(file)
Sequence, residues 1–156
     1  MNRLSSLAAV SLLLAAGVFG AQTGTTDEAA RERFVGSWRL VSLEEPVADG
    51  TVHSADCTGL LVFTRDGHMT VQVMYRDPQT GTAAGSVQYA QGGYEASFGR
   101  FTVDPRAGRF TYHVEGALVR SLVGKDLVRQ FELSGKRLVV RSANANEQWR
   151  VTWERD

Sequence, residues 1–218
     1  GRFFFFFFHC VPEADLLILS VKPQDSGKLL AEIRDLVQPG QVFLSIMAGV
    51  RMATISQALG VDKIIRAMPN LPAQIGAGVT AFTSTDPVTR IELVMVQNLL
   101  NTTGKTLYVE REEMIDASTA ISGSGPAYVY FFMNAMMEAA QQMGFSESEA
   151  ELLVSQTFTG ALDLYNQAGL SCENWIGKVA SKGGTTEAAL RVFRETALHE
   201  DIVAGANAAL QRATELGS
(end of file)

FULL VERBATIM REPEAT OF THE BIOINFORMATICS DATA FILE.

Sequence, residues 1–156
     1  MNRLSSLAAV SLLLAAGVFG AQTGTTDEAA RERFVGSWRL VSLEEPVADG
    51  TVHSADCTGL LVFTRDGHMT VQVMYRDPQT GTAAGSVQYA QGGYEASFGR
   101  FTVDPRAGRF TYHVEGALVR SLVGKDLVRQ FELSGKRLVV RSANANEQWR
   151  VTWERD

Sequence, residues 1–218
     1  GRFFFFFFHC VPEADLLILS VKPQDSGKLL AEIRDLVQPG QVFLSIMAGV
    51  RMATISQALG VDKIIRAMPN LPAQIGAGVT AFTSTDPVTR IELVMVQNLL
   101  NTTGKTLYVE REEMIDASTA ISGSGPAYVY FFMNAMMEAA QQMGFSESEA
   151  ELLVSQTFTG ALDLYNQAGL SCENWIGKVA SKGGTTEAAL RVFRETALHE
   201  DIVAGANAAL QRATELGS